There will always be ups and downs in passion and interest. There will be stretches where you just have to plod on until the passion and interest get going again.

    If you are incapable of plodding on, you are not cut out for this profession. Go ahead and get out now.

    For me, it wasn't always about what I wanted to do (physics), but there were times when my main motivation was what I didn't want to do (work in restaurants and flip burgers). Be aware of both the carrot (passion and interest) and the stick (lousy jobs).
  7. Oct 21, 2016 #6


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    Don't let what Dr. Courtney is saying make you believe that your only options in life are physics or flipping burgers. There are so many jobs out there that pay well you have no idea. I know people that never went to college and have the same job as me as an engineer. It's a big world out there and a lot more than you can even imagine.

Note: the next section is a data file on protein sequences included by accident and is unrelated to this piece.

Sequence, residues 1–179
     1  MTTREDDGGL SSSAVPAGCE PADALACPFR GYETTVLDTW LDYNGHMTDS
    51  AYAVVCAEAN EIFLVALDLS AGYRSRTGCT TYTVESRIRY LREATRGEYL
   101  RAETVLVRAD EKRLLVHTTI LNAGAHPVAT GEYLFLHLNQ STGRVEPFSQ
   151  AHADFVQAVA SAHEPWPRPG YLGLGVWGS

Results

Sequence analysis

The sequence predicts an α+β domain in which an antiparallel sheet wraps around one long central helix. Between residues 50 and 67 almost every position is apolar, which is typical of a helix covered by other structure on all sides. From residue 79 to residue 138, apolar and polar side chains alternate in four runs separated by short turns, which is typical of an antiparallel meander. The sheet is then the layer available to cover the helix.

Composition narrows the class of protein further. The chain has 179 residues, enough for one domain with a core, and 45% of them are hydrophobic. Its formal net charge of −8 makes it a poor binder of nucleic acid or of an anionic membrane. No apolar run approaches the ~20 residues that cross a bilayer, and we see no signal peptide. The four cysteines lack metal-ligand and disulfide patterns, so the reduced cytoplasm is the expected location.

8. Oct 22, 2016 #7


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    I don't think that was his intent, what he probably meant was that being thrown into the world were you need a job to survive and realize you have no real skills beyond tedious low paying manual labor will make a student realize school is easy and something worth doing.

    Sure there are some engineers who never had formal training, but you can count them on one hand, and almost guarantee they've some kind of technical training. You also see them generally in systems engineering or field engineering roles, not design. But this isn't what the threads about, the threads about the OP being lazy and questioning his path. With good reason.